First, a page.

There are several ways of distinguishing among physical backups, according to the state the database was in when the backup was created, what parts of the database were actually backed up, and how the resulting backup was stored.
Physical backups can also be divided into consistent and inconsistent backups. Consistent backups are those created when the database is in a consistent state, that is, when all changes in the redo log have been applied to the datafiles. A database restored from a consistent backup can be opened immediately, without undergoing media recovery. However, a consistent backup can only be created after a consistent shutdown, that is, not after a crash or a
For reasons of availability, the Oracle database is designed to work equally well with an inconsistent backup, a backup taken while the database is open. However, when a database is restored from an inconsistent backup, it must undergo media recovery, so that the database can apply any pending changes from the online and archived redo log before the database is opened again. Because archived logs are required for media recovery, using inconsistent backups requires that your database be run in
Full backups are backups which include datafiles in their entirety. Full backups can be created with Recovery Manager or with operating system-level file copy commands. Incremental backups are based on the idea of making copies only of changed data blocks in a data file. In recovery, extracting entire changed blocks from an incremental backup can substitute for applicationof redo for individual datafile updates during the time covered by the backup, shortening recovery times considerably. Incremental backups can only be created with RMAN.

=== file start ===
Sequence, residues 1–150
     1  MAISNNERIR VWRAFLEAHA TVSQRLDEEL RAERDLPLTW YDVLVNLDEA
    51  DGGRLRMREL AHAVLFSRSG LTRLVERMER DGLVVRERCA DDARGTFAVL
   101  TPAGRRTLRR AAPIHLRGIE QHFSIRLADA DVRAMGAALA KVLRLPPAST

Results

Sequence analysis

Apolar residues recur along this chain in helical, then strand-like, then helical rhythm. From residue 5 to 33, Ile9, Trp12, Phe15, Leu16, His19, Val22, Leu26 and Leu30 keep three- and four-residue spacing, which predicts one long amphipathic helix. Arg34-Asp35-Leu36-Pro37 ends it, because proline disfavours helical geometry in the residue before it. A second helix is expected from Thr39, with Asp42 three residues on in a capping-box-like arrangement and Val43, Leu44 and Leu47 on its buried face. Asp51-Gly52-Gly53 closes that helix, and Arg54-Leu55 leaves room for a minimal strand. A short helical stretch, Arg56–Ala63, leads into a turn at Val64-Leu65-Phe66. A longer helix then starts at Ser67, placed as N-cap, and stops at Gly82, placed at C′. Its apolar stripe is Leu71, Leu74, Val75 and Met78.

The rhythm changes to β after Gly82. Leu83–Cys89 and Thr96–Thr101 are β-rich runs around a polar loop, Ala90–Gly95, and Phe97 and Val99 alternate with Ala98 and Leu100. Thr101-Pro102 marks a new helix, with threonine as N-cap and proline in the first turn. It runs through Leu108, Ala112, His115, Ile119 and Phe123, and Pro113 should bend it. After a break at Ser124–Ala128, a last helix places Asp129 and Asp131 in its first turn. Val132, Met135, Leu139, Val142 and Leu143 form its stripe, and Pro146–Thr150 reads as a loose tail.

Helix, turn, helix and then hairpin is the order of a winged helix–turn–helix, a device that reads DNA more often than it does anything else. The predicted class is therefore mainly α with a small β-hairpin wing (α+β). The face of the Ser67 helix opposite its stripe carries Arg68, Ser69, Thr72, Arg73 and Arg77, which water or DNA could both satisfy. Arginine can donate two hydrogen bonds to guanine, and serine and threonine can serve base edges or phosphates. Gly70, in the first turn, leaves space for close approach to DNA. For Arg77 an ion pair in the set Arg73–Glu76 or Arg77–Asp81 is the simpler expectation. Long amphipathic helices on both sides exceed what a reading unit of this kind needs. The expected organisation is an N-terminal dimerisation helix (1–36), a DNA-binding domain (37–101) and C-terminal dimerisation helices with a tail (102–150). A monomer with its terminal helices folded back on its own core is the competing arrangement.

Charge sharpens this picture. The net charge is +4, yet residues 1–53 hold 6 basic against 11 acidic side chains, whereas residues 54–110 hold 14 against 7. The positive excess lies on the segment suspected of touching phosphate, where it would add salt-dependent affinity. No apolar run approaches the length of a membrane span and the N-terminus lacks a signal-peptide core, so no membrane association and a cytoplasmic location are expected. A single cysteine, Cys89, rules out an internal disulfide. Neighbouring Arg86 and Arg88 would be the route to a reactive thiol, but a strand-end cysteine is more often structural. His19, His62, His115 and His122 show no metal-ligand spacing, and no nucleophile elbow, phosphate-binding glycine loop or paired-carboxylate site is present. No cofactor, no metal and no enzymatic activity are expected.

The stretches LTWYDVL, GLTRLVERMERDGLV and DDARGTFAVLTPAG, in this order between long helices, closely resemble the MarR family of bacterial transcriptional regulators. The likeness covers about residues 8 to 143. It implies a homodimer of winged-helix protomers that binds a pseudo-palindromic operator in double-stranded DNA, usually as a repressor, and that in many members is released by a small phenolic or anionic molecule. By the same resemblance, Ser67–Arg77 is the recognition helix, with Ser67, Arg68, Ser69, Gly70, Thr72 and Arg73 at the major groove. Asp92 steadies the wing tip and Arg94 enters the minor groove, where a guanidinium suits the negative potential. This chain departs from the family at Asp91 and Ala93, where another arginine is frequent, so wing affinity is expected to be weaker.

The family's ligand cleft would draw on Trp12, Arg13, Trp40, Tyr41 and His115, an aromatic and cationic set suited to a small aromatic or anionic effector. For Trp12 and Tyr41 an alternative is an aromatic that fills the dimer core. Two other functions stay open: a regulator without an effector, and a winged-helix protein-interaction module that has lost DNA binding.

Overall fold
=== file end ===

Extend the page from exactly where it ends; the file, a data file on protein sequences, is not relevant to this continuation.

See Also:"About RMAN Full and Incremental Datafile Backups" for more details about the different ways to back up datafiles.
The results of an Oracle database backup created through RMAN can be either image copies or backup sets. An image copy is a bit-for-bit identical copy of a database file. RMAN can create image copy backups, although in the process, RMAN will check the contents for corruption, something that native operating-system file copy utilities cannot do. RMAN records image copies it creates in the RMAN repository, so that it can use them when restoring your database. Image copies can also be created using operating system commands such as
cp in Unix or
COPY in Windows.
Note:If you create image copies outside of RMAN, you must use the
CATALOGcommand to record them in the RMAN repository before RMAN can make use of them.
RMAN can also store its backups in an RMAN-specific format called a backup set. A backup set is a collection of files called backup pieces, each of which may contain the backup of one or several database files. A backup task performed in RMAN can create one or more backup sets, which are recorded in the RMAN repository. Backup sets are also the only form in which RMAN can write backups to media manager devices like tape libraries. Backup sets are only created and accessed through Recovery Manager.
See Also:"About RMAN Backup Formats: Image Copies and Backup Sets" for more details about image copies and backup sets.